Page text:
In a recently developed vaccination strategy, plasmid DNA encoding antigenic proteins is injected directly into the muscle of the recipient. Muscle cells take up the DNA and the encoded protein antigen is expressed, leading to both a humoral antibody response and a cell-mediated response. What is most surprising about this finding is that the injected DNA is taken up and expressed by the muscle cells with much greater efficiency than in tissue culture. The DNA appears either to integrate into the chromosomal DNA or to be maintained for long periods in an episomal form. The viral antigen is expressed not only by the muscle cells but also by dendritic cells in the area that take up the plasmid DNA and express the viral antigen. The fact that muscle cells express low levels of class I MHC molecules and do not express co-stimulatory molecules suggests that local dendritic cells may be crucial to the development of antigenic responses to DNA vaccines (Figure 18-6).
DNA vaccines offer advantages over many of the existing vaccines. For example, the encoded protein is expressed in the host in its natural form—there is no denaturation or modification. The immune response is therefore directed to the antigen exactly as it is expressed by the pathogen. DNA vaccines also induce both humoral and cell-mediated immunity; to stimulate both arms of the immune response with non-DNA vaccines normally requires immunization with a live attenuated preparation, which introduces additional elements of risk. Finally, DNA vaccines cause prolonged expression of the antigen, which generates significant immunological memory.
The practical aspects of DNA vaccines are also very promising (Table 18-5). Refrigeration is not required for the handling and storage of the plasmid DNA, a feature that greatly lowers the cost and complexity of delivery. The same plasmid vector can be custom tailored to make a variety of proteins, so that the same manufacturing techniques can be used for different DNA vaccines, each encoding an antigen from a different pathogen. An improved method for administering these vaccines entails coating microscopic gold beads with the plasmid DNA and then delivering the coated particles through the skin into the underlying muscle with an air gun (called a gene gun). This will allow rapid delivery of a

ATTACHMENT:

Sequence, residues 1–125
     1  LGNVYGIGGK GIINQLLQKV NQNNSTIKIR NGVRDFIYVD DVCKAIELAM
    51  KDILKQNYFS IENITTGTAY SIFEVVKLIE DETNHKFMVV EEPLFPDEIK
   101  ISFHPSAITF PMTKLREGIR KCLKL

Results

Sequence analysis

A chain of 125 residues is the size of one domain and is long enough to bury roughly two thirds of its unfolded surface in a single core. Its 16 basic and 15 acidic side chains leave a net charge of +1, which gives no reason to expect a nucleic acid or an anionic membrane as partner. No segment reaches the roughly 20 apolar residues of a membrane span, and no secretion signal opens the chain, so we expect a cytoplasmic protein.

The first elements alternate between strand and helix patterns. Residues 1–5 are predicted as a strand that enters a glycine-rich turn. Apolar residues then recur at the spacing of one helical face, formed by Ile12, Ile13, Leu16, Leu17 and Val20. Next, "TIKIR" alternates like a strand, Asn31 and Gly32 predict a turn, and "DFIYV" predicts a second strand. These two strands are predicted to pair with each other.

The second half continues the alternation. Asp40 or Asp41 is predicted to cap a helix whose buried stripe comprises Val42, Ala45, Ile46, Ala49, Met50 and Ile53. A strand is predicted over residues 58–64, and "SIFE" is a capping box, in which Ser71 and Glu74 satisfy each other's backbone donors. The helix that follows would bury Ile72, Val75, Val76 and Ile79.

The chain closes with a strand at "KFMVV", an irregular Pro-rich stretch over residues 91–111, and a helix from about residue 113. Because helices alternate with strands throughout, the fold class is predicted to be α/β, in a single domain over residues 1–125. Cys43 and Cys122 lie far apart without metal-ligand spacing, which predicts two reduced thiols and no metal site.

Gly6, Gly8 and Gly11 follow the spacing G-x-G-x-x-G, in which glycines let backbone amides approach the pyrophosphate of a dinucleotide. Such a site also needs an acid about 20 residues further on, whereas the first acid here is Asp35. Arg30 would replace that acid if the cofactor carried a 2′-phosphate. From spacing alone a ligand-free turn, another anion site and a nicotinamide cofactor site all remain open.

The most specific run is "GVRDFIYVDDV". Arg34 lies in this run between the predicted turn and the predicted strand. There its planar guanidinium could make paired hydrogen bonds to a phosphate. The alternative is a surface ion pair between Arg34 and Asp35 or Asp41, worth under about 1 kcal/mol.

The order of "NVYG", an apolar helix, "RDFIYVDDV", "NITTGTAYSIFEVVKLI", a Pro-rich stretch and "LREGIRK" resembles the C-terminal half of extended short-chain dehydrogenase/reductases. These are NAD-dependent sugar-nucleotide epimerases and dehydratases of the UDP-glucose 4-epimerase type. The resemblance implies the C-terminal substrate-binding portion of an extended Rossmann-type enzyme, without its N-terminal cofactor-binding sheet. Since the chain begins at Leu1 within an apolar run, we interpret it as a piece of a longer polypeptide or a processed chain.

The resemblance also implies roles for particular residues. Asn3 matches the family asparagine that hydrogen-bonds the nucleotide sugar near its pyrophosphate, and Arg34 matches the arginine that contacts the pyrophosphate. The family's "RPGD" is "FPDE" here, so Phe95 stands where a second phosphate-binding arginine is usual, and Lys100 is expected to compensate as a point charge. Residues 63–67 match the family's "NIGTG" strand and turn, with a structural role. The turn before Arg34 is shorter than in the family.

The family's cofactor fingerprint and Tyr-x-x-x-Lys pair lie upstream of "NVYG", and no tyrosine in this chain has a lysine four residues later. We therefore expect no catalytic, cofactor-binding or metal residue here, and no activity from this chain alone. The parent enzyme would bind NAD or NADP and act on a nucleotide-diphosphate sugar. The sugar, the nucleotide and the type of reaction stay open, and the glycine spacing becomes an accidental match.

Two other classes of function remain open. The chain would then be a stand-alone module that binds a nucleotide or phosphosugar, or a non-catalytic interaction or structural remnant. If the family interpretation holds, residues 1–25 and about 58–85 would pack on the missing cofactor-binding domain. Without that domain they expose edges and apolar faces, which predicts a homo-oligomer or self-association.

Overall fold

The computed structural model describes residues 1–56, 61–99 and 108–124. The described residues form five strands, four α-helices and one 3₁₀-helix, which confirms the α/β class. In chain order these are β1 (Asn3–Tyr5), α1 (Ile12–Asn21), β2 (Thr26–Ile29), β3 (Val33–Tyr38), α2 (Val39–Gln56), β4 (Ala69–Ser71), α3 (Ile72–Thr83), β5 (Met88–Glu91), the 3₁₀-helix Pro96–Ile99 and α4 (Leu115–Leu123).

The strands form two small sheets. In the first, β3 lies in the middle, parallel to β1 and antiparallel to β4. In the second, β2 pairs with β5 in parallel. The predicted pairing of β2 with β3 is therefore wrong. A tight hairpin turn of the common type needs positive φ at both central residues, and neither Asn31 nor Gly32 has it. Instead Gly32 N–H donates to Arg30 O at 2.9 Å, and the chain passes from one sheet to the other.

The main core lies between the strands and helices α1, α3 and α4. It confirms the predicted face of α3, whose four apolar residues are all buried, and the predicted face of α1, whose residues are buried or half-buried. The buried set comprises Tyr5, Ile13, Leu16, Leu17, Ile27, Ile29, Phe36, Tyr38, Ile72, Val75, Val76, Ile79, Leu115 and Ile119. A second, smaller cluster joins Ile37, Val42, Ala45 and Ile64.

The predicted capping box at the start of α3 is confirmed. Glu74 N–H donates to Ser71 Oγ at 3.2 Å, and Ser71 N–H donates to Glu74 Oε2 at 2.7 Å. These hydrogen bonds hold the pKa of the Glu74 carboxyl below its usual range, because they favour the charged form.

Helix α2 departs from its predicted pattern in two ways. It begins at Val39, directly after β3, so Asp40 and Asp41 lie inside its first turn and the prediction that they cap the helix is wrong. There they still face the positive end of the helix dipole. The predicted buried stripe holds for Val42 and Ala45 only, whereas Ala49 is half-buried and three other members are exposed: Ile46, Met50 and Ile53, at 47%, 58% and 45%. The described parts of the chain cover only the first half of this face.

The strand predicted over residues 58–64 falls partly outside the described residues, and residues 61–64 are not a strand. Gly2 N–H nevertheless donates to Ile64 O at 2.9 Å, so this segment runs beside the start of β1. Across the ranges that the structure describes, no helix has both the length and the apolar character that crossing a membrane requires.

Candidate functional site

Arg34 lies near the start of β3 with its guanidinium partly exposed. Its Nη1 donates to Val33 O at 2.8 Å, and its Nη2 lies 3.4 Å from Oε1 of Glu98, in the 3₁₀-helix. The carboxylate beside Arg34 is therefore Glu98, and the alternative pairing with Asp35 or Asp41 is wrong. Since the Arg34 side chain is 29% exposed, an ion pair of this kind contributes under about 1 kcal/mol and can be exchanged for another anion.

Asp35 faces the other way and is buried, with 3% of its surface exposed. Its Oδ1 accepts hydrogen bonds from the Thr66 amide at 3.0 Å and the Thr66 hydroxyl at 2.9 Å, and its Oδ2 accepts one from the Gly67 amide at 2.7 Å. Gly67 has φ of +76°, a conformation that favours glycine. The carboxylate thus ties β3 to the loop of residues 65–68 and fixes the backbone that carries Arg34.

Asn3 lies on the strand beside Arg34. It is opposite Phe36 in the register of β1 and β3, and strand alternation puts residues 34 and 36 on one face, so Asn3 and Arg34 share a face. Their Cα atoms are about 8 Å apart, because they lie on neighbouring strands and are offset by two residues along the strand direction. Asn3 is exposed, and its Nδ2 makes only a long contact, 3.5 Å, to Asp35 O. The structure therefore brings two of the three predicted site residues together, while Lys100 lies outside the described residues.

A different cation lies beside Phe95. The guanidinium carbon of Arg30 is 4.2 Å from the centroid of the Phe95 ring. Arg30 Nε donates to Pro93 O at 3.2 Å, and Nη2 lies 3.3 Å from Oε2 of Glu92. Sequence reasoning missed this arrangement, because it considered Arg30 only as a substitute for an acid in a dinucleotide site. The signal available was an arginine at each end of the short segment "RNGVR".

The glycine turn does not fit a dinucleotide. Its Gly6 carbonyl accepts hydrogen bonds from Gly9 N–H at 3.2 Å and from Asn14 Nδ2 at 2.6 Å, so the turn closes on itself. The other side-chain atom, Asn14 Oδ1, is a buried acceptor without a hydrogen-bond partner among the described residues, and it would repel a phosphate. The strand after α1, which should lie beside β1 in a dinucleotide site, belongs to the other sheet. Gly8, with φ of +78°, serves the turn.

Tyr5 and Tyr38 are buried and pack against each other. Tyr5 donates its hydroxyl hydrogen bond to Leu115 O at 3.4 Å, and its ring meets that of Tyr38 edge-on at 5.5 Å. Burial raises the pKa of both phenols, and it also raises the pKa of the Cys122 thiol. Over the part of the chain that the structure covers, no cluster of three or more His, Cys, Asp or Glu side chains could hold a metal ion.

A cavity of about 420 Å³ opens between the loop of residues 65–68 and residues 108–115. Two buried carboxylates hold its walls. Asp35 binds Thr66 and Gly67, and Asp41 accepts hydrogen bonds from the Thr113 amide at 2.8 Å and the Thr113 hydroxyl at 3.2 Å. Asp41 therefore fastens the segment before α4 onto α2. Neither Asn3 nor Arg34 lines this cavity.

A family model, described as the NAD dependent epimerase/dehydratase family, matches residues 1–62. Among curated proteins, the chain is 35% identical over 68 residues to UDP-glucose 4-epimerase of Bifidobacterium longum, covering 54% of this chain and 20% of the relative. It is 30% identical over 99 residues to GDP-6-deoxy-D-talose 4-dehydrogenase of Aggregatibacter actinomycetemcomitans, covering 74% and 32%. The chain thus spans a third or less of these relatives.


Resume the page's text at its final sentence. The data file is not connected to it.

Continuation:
Gene for antigenic_
Gene for antigenic_
Memory B cell
Memory T cell
Memory T cell
Memory B cell
Use of DNA vaccines raises both humoral and cellular immunity. The injected gene is expressed in the injected muscle cell and in nearby APCs. The peptides from the protein encoded by the DNA are expressed on the surface of both cell types after processing as an endogenous antigen by the MHC class I pathway. Cells that present the antigen in the context of class I MHC molecules stimulate development of cytotoxic T cells. The protein encoded by the injected DNA is also expressed as a soluble, secreted protein, which is taken up, processed, and presented in the context of class II MHC molecules. This pathway stimulates B-cell immunity and generates antibodies and B-cell memory against the protein. [Adapted from D. B. Werner and R. C. Kennedy, 1999, Sci. Am. 281:50.]
vaccine to large populations without the requirement for huge supplies of needles and syringes.
Tests of DNA vaccines in animal models have shown that these vaccines are able to induce protective immunity against a number of pathogens, including the influenza virus. It has been further shown that the inclusion of certain DNA sequences in the vector leads to enhanced immune response. At present, there are human trials underway with several different DNA vaccines, including those for malaria, AIDS, influenza, and herpesvirus. Future experimental trials of DNA vaccines will mix genes for antigenic proteins with those for cytokines or chemokines that direct the immune response to the optimum pathway. For example, the IL-12 gene may be included in a DNA vaccine; expression of IL-12 at the site of immunization will stimulate TH1-type immunity induced by the vaccine.
DNA vaccines will likely be used for human immunization within the next few years. However, they are not a universal solution to the problems of vaccination; for example, only protein antigens can be encoded—certain vaccines, such as those for pneumococcal and meningococcal infections, use protective polysaccharide antigens.
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